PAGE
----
Why it's taken this sham fight to show how hard-pressed fans are the real losers when it comes to the world of big money sport
The MMA fighter Conor McGregor is said to have earned $100m for his clash with boxer Floyd Mayweather Jnr. The last time there was a "purse" that spectacular was when Arlene Foster got a billion after a successful election fight.
True, McGregor had to fight to earn his eye-watering pay packet. But for $100m who wouldn't be prepared to do 10 rounds with Floyd Mayweather Jnr?
The boxer himself pocketed somewhere in the region of $300m.
But the real winners in this odd fusion fight were the money men who profited not just from the Las Vegas live indoor gate but from global television sales.
So expensive were the seats at the arena that fans of McGregor who'd travelled all the way from Ireland to see their hero perform had to watch the event from outside on closed circuit TV.
An enterprising few managed to sneak inside - including one young man who pretended to be a relative of McGregor's to get past the first ticket barrier, then picked up a ladder and wandered in with it past the second check.
Message there to fight fans - next time you're in Las Vegas bring your own stepladder.
Doubtless a good time was had by all.
But beyond the hype (and no clash in recent years has been subject to so much puff and promotion as this one) this was a poor show for sport in general. A further example of how the game is all about money - gargantuan, shameful bucketloads of money.
Sports like boxing and football, once primarily sports of the working class, are now being priced beyond the reach of the ordinary punter.
In order to pay for the upkeep of its superstars and to feed the greed of the money men who reap the rich harvest of television sales, tickets which used to be affordable are now crazily expensive.
Ninety quid to watch a Premier League football game. Who can afford that on a regular basis?
Especially when you factor in travel, hotels, and the outrageous price of replica kit - those horrible polyester football shirts plastered with sponsorship ads.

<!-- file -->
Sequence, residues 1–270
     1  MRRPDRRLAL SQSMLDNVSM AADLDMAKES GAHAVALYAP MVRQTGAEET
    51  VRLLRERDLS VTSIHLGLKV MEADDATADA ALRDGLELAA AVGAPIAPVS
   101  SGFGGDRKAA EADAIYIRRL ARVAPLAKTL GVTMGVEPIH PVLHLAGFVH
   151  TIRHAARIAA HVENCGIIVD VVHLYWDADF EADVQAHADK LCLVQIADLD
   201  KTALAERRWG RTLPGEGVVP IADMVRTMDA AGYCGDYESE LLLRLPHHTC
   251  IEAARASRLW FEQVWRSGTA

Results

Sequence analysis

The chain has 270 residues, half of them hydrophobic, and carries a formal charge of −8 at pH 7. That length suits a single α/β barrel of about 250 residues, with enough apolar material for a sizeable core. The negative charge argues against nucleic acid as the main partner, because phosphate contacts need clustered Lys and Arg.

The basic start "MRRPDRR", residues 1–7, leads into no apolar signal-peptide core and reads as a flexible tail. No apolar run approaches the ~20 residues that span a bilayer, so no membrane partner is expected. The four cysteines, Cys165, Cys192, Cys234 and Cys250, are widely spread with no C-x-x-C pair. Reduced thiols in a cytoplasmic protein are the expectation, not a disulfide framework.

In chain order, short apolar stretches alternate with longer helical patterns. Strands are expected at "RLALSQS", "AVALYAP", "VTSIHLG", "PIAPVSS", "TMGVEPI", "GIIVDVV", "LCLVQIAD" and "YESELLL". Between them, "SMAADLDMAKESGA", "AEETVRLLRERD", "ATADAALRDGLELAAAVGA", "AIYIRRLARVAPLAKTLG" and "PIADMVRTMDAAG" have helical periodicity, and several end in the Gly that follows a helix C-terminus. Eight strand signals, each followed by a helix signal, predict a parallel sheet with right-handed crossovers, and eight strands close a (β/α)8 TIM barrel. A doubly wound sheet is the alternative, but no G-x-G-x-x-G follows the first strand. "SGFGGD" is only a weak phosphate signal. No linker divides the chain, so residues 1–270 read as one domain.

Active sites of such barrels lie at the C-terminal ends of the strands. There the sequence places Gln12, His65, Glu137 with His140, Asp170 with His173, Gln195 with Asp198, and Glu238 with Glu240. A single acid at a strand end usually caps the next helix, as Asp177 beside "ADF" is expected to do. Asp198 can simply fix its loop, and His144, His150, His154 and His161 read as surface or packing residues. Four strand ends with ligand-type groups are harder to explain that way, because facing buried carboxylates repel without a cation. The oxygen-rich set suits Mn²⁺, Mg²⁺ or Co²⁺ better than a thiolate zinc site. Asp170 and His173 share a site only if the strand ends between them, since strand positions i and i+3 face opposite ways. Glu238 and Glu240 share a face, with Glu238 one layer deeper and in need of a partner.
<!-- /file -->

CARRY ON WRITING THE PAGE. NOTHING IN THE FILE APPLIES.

Yet the more the owners and promoters and accountants feel they can fleece the fans, the more they'll try it.
And meanwhile, right at the top of the earning league are the 'stars', raking in vast sums that in any other profession would rightly be regarded as obscene.
I don't doubt that Conor McGregor is good at what he does. He is a showman as much as a sportsman. He fights with his gob as much as with his fists and his feet. But is any loser really worth $100m? Is any winner really worth $300m?
These colossal sums are in themselves part of the hype, the circus, the drama of the event.
The problem is that for the lucre to retain its allure it has to keep mounting. And it's the fans who will have to pay. And the sport itself.
There were many in boxing circles who vehemently opposed the mix of an MMA fighter and a boxer in the ring on the grounds that boxing would be the real loser.
The boxer won. But so did the money men who will doubtless have seen the potential for more crossover clashes. The only sport they're really dedicated to is watching those little noughts build up in the bank.
Realistically, yes, there's always going to be profit made in any game. And fair enough that sports stars should be well paid for their talents. But the dizzying sums that now dominate so many disciplines are detracting from what sport should really be about - and still is at many levels.
About healthy competition, real drama, live action.
When the game is greed, though, the fans are priced out of the stands and the ringside seats and relegated to the sofa to watch on television.
Big money sport is selling its own soul.
I swear by latest medical advice on pain
Bizarre medical update of the week... according to research one of the most effective means of pain relief is effing and blinding.
Apparently using swear words lessens pain which will may come as a surprise to anybody who's ever let rip after hitting their finger with a hammer - and found it didn't make a whole lot of difference pain-wise.
Still. At least it might explain Gordon Ramsay. The kitchen can be a dangerous place. All those cuts and burns.
No wonder it's his favourite word.
How all this super talk leaves me sick
I don't know about you but I'm getting super browned off with super.
Another totally unnecessary Americanism infecting everyday speech, 'super' is now being used as a replacement for entirely adequate terms like very, extremely and quite.
As in "I'm super excited", "he's super cute" and "this is super good".
It's super irritating.
And without wishing to sound supercilious, I'm super sick of listening to people super up their phraseology this way.